On the night of September 7, 1996, Shakur attended the Bruce Seldon vs. Mike Tyson boxing match with Suge Knight at the MGM Grand in Las Vegas, Nevada. After leaving the match, one of Knight's associates spotted Orlando "Baby Lane" Anderson, an alleged Crips gang member from Compton, California, in the MGM Grand lobby. Earlier that year, Anderson and a group of Crips had robbed a member of Death Row's entourage in a Foot Locker store. Knight's associate told Shakur, who attacked Anderson. Shakur's entourage, as well as Knight and his followers, assisted in assaulting Anderson. The fight was captured on the hotel's video surveillance. After the brawl, Shakur went with Knight to go to Death Row-owned Club 662 (now known as restaurant/club Seven). He rode in Knight's 1996 black BMW 750iL sedan as part of a larger convoy, including many in Shakur's entourage.
At around 11:00–11:05 pm (PDT), they were halted on Las Vegas Boulevard by Metro bicycle police for playing the car stereo too loudly and not having license plates. The plates were found in the trunk of Knight's car; the party was released without being fined a few minutes later. At about 11:10 pm (PDT), while they were stopped at a red light at the intersection of Flamingo Road and Koval Lane in front of the Maxim Hotel, a vehicle occupied by two women pulled up on their left side. Shakur, who was standing up through the sunroof, exchanged words with the two women, and invited them to go to Club 662. At approximately 11:15 pm (PDT), a white, four-door, late-model Cadillac with an unknown number of occupants pulled up to the sedan's right side, rolled down a window, and rapidly fired gunshots at Shakur. He was hit in the chest, pelvis, and his right hand and thigh. One of the rounds went into Shakur's right lung. Knight was hit in the head by fragmentation, though it is thought that a bullet grazed him. The bodyguard, Frank Alexander, stated that when he was about to ride along with the rapper in Knight's car, Shakur asked him to drive the car of Shakur's fiancée Kidada Jones instead, in case they needed additional vehicles from Club 662 back to the hotel. The bodyguard reported in his documentary, Before I Wake, that shortly after the assault, one of the convoy's cars drove off after the assailant but he never heard from the occupants. After arriving at the scene, police and paramedics took Knight and a wounded Shakur to the University Medical Center of Southern Nevada. According to an interview with the music video director Gobi, while at the hospital, he received news from a Death Row marketing employee that the shooters had called the record label and threatened Shakur. Gobi told the Las Vegas police, but said they claimed to be understaffed. No attackers came. At the hospital, Shakur was heavily sedated, was placed on life support machines, and was ultimately put under a barbiturate-induced coma after repeatedly trying to get out of the bed. While in the critical care unit, on the afternoon of Friday, September 13, 1996, Shakur died of internal bleeding; doctors attempted to revive him but could not stop the hemorrhaging. His mother, Afeni, made the decision to tell the doctors to stop. He was pronounced dead at 4:03 pm (PDT). The official cause of death was noted as respiratory failure and cardiopulmonary arrest in connection with multiple gunshot wounds. Shakur's body was cremated the next day and some of his ashes were later mixed with marijuana and smoked by members of the Outlawz. However, E.D.I. Mean claimed in an interview in 2014 that despite believing that the ashes were those of Shakur at the time, he later found that the ashes did not in fact belong to Shakur. His fifth album, The Don Killuminati: The 7 Day Theory was released two months later.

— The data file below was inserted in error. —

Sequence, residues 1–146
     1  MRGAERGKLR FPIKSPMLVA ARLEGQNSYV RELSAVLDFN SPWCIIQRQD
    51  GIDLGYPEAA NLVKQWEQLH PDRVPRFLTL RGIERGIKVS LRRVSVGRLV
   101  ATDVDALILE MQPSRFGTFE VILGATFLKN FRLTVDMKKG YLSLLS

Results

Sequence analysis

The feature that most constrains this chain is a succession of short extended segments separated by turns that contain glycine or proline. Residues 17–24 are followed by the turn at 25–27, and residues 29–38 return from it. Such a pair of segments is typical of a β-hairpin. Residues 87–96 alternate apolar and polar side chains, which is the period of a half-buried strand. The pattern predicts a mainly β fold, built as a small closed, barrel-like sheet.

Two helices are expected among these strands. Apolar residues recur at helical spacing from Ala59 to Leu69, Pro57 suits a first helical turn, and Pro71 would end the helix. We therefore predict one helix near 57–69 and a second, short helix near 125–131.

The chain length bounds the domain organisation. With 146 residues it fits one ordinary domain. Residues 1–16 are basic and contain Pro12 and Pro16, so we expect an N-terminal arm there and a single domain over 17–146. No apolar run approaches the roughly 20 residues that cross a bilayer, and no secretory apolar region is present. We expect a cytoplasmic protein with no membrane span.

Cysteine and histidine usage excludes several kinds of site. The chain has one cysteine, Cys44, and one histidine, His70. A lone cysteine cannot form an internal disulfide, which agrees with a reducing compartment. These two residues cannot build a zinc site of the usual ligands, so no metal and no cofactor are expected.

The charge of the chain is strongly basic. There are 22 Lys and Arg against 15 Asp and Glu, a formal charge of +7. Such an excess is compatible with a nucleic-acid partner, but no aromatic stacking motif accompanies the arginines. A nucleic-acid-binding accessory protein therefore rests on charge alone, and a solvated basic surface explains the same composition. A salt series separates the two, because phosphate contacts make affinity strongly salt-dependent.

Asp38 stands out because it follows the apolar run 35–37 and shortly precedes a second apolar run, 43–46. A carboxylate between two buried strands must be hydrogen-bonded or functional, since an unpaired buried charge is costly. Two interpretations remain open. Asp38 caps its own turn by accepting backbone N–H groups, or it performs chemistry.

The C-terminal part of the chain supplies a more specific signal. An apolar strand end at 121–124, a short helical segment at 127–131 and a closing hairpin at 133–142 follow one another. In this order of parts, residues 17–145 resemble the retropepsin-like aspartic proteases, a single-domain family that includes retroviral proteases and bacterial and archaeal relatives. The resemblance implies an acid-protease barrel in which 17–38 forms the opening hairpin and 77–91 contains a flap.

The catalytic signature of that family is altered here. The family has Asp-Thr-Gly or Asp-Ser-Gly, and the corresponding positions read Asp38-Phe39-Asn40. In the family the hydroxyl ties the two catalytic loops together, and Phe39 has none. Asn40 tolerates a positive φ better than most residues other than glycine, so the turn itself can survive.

In 2002, the LA Times published a two-part story by investigative reporter Chuck Philips, titled "Who Killed Tupac Shakur?", based on yearlong research that reconstructed the crime and the events leading up to it. Information gathered by the paper indicated that: "the shooting was carried out by a Compton gang called the Southside Crips to avenge the beating of one of its members by Shakur a few hours earlier. Orlando Anderson, the Crip whom Shakur had attacked, fired the fatal shots. Las Vegas police discounted Anderson as a suspect and interviewed him only once, briefly. He was later killed in an unrelated gang shooting." The article also reported the involvement of East Coast rapper Biggie, Shakur's rival at the time, and several New York criminals.
Before they died, The Notorious B.I.G. and Anderson denied any role in the murder. In support of their claims, Biggie's family produced computerized invoices suggesting that Biggie was working in a New York recording studio the night of the drive-by shooting. His manager Wayne Barrow and fellow rapper James "Lil' Cease" Lloyd made public announcements denying Biggie's role in the crime and claimed further that they were with him in the recording studio the night of the event. The New York Times called the evidence "inconclusive", noting:
The pages purport to be three computer printouts from Daddy's House, indicating that Wallace was in the studio recording a song called Nasty Boy on the afternoon Shakur was shot. They indicate that Wallace wrote half the session, was In and out/sat around and laid down a ref, shorthand for a reference vocal, the equivalent of a first take. But nothing indicates when the documents were created. And Louis Alfred, the recording engineer listed on the sheets, said in an interview that he remembered recording the song with Wallace in a late-night session, not during the day. He could not recall the date of the session but said it was likely not the night Shakur was shot. 'We would have heard about it,' Mr. Alfred said."